“When challenged with a life-threatening situation, 90% of individuals freeze or panic”, says Laurence Gonzales in this exploration. The author has covered many survival stories for National Geographic Explorer, Outside, and Men’s Journal uncovers the biological and psychological reasons why people risk their lives and why some are better at it than others.
The opening scene is about the author talking to dozens of thrill-seekers like mountain climbers, sailors, jet pilots, and they all say the same thing: the danger is a great rush. This can make you feel more alive because it is an integral part of saving your own life.
In Deep Survival, the author shares some rules for adventure gleaned from the survivors themselves, which are; stay calm, be decisive and never give up! Remembering these rules when crisis strikes may be tough, but the vivid descriptions of life in the balance will stay with readers.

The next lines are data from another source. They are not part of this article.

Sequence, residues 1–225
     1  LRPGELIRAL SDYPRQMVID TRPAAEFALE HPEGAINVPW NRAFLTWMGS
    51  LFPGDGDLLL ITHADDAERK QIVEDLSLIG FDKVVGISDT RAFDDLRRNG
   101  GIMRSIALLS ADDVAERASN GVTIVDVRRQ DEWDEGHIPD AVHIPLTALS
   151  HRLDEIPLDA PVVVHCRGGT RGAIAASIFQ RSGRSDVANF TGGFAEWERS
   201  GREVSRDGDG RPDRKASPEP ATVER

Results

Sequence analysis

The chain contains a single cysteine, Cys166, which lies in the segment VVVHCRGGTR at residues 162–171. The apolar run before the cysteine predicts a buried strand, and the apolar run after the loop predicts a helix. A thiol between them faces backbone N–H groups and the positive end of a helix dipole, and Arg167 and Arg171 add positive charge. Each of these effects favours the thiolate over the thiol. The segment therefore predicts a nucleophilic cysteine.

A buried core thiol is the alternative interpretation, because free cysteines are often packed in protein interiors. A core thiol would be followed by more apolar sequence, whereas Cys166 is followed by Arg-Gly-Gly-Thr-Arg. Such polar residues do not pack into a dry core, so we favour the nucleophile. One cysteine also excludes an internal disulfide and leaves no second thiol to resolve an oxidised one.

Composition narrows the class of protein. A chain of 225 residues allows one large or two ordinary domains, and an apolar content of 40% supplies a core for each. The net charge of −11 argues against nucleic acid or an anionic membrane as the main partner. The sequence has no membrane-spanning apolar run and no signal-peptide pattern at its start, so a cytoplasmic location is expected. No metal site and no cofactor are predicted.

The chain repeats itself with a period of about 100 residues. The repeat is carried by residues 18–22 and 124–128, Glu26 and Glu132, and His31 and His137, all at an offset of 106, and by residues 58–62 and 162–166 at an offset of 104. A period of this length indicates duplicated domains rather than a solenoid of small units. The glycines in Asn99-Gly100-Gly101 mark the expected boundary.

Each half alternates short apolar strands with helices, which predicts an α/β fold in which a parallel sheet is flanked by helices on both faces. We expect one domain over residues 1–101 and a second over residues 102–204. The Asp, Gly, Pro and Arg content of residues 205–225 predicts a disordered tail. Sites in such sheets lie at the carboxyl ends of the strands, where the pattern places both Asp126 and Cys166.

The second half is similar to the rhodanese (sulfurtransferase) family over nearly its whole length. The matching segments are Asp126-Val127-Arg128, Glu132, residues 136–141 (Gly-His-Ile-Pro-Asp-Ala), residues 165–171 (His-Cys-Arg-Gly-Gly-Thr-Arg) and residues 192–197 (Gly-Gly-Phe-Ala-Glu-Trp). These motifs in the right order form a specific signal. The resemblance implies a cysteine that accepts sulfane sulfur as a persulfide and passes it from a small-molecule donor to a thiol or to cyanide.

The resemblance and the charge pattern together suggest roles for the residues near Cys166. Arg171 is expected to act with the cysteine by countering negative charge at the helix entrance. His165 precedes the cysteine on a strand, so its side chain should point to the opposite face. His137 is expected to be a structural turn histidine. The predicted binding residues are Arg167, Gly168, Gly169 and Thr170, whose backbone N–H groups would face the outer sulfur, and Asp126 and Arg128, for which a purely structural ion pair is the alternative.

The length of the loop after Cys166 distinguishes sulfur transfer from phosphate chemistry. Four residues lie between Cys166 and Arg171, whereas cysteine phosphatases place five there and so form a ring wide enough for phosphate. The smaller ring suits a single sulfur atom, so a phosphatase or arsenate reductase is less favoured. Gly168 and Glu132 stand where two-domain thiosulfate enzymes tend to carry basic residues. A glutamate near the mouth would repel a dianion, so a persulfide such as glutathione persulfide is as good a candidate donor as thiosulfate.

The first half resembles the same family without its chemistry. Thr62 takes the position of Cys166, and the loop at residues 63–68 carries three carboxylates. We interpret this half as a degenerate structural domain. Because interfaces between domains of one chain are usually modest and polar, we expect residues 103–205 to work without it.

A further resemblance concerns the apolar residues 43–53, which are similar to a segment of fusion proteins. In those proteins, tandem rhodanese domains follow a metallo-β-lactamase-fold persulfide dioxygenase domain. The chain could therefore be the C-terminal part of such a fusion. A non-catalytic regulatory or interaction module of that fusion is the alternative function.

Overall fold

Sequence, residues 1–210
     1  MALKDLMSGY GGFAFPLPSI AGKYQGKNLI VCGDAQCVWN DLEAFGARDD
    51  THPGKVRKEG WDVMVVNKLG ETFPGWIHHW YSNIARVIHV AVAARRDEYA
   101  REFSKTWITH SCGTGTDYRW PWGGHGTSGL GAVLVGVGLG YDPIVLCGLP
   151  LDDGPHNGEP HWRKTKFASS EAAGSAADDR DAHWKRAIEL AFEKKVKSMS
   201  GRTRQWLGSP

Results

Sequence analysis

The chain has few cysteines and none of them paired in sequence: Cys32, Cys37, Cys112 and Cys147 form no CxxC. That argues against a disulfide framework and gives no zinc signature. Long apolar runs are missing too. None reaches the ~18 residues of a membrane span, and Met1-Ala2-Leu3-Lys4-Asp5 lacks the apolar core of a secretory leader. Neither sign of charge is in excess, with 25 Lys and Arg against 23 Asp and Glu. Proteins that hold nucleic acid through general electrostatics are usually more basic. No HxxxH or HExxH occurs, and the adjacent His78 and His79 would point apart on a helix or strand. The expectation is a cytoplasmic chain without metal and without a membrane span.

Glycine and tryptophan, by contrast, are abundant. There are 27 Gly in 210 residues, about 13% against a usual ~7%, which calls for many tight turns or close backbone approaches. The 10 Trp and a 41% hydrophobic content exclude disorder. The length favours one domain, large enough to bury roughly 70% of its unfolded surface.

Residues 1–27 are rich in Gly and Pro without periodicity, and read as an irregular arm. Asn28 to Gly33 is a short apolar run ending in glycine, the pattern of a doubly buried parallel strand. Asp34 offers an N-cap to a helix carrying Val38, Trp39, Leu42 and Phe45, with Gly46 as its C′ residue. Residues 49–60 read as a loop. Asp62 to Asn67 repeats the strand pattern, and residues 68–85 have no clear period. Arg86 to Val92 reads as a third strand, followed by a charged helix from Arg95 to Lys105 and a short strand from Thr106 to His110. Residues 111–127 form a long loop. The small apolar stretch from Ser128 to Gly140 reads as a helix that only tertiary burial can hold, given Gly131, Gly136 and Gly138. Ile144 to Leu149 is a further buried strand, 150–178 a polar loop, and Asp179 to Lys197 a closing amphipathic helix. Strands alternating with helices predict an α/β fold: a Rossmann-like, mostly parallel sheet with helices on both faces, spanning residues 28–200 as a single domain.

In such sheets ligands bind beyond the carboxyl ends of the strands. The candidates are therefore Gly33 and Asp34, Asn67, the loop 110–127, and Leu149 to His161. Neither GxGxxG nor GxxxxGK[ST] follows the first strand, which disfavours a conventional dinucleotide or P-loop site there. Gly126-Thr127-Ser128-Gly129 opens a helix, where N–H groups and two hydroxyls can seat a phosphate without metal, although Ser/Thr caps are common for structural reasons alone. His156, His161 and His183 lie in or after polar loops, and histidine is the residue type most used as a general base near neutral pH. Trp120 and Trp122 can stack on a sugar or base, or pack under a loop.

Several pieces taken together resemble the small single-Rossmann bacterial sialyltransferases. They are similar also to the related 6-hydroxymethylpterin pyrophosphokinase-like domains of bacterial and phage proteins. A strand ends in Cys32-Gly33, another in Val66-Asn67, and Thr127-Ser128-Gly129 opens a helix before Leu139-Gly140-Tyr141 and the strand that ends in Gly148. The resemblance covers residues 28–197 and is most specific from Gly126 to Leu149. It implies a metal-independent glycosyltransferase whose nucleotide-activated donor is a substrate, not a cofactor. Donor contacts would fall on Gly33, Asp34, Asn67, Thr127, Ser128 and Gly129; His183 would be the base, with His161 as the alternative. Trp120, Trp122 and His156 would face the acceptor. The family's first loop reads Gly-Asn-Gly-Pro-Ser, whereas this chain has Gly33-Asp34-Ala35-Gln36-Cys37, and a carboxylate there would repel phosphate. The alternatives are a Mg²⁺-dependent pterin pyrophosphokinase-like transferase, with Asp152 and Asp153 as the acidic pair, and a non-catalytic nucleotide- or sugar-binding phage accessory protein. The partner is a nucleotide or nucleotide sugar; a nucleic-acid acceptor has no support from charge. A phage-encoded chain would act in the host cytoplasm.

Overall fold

by Laura and Guy Waterman
In this environmental call-to-action book, Laura and Guy Waterman look beyond preserving the ecology of the backcountry to focus on what they call its spiritual dimension, and its fragile, untamed wilderness.
It’s nowadays considered one of the best adventure books out there.
However, with too much management or the wrong kind of management, we can destroy the spiritual component of wildness in our passion to preserve its physical side.
Technology such as radios, cell phones, global positioning devices, and emergency helicopters, all have an impact on our experience of exploring the pristine beauty of the wild.
With humor and insight, the Watermans explore these difficult Wilderness Ethics and its related management issues. They ask us to evaluate the impact that even “environmentally-conscious” values have on the wilderness experience, and to ask the question: “What are we trying to preserve?”